The Tunnel-Password attribute ([RFC2868] Section 3.5) MUST be encoded the same as any other attribute of data type 'text' which contains a tag, such as Tunnel-Client-Endpoint ([RFC2868] Section 3.3). Since the attribute is no longer obfuscated, there is no need for a salt field or Data-Length fields as described in [RFC2868] Section 3,5, and the textual value can simply be encoded as-is.

Any Vendor-Specific attribute which uses similar obfuscation MUST be encoded as per their base data type. Specifically, the MS-MPPE-Send-Key and MS-MPPE-Recv-Key attributes ([RFC2548] Section 2.4) MUST be encoded as any other attribute of data type 'string' ([RFC8044] Section 3.5).

4.2. Message-Authenticator

The Message-Authenticator attribute ([RFC3579] Section 3.2) MUST NOT be sent over an SRADIUS connection. It is no longer used or needed.

If the Message-Authenticator attribute is received over an SRADIUS connection, the attribute MUST be silently discarded, or treated an as "invalid attribute", as defined in [RFC6929], Section 2.8. That is, the Message-Authenticator attribute is no longer used to sign packets. Its existence (or not) is meaningless in SRADIUS.

However, any packet which contains a Message-Authenticator attribute can still be processed. There is no need to discard the entire packet when a Message-Authenticator attribute is received.

4.2.1. Message-Authentication-Code

Similarly, the Message-Authentication-Code attribute defined in [RFC6218] Section 3.3 MUST NOT be sent over an SRADIUS connection. It MUST be treated the same was as Message-Authenticator, above.

As the Message-Authentication-Code attribute is no longer used, the related MAC-Randomizer attribute [RFC6218] Section 3.2 is also no longer used. It MUST be treated the same was as Message-Authenticator, above.

4.3. CHAP, MS-CHAP, etc.

While some attributes such as CHAP-Password, etc. depend on insecure cryptographic primitives such as MD5, these attributes are treated as opaque blobs when sent between a RADIUS client and server. The attributes are not obfuscated, and they do not depend on the shared secret.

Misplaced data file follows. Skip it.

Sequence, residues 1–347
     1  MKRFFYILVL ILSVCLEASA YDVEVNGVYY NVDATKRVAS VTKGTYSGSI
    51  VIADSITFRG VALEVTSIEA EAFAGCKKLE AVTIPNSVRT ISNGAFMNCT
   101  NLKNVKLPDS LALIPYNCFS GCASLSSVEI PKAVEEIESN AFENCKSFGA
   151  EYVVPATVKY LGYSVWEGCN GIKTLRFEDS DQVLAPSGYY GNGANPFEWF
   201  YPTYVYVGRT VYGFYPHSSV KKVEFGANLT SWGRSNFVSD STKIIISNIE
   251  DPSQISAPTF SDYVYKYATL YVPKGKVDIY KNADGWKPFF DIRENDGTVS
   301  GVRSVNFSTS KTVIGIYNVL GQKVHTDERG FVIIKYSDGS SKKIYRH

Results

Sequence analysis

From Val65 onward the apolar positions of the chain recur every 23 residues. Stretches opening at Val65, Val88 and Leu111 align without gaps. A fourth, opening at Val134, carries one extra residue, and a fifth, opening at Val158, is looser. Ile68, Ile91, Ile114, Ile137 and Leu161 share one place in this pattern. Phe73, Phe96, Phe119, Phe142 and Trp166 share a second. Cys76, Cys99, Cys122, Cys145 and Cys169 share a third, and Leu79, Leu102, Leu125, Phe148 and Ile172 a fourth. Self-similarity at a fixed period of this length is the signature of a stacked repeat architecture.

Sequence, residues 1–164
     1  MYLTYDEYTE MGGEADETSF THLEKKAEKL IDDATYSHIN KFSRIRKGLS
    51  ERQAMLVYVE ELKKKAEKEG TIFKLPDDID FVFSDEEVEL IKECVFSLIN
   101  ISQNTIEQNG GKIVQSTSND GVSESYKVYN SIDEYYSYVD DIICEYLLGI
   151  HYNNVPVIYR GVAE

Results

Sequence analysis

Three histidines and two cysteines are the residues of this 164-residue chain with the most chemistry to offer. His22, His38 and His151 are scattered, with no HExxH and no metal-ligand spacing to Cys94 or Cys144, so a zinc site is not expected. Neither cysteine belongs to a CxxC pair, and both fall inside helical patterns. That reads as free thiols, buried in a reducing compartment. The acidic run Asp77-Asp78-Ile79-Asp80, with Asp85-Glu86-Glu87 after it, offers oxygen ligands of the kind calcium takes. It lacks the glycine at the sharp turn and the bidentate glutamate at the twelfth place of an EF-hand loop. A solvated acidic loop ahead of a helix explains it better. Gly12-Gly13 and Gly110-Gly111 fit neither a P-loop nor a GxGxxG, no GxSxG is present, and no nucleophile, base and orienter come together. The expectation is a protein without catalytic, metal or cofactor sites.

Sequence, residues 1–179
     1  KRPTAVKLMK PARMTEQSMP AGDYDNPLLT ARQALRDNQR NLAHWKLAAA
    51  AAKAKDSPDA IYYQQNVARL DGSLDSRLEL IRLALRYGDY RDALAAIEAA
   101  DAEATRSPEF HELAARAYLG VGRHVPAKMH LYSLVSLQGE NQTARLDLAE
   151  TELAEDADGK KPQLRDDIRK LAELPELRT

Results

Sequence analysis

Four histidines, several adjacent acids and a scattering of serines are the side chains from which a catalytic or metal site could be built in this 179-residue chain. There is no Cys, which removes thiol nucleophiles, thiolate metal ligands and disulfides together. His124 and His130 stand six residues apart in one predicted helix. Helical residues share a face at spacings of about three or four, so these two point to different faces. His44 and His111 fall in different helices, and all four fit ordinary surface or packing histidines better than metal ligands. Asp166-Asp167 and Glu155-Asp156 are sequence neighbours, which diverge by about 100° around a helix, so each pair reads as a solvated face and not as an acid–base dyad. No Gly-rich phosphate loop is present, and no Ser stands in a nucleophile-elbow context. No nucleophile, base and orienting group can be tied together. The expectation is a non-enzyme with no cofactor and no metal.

As a result, these attributes are unaffected by SRADIUS. We reiterate that SRADIUS is a transport profile for RADIUS. Other than Message-Authenticator, the meaning of all attributes in SRADIUS is identical to their meaning in RADIUS. Only the "on the wire" encoding of some attributes change, and then only for attributes which are obfuscated using the shared secret. Those obfuscated attributes are now protected by the modern cryptography in TLS, instead of an "ad hoc" approach using MD5.

An SRADIUS server can proxy CHAP, MS-CHAP, etc. without any issue. An SRADIUS home server can authenticate CHAP, MS-CHAP, etc. without any issue.

5. Proxies

We reiterate that SRADIUS is a transport profile for RADIUS. A RADIUS proxy normally decodes, and then re-encodes attributes, included obfuscated ones. A RADIUS proxy will not generally rewrite the content of the attributes it proxies. While some attributes may be modified due to administrative / policy rules on the proxy, the proxy will generally not rewrite the contents of User-Password, CHAP-Password, MS-CHAP-Password, MS-MPPE keys, etc.

The same requirement applies to a proxy which uses SRADIUS. The proxy may receive RADIUS or SRADIUS, and it may send RADIUS or SRADIUS, in any combination. As a result, SRADIUS is fully compatible with all past, present, and future RADIUS attributes.

6. Crypto-Agility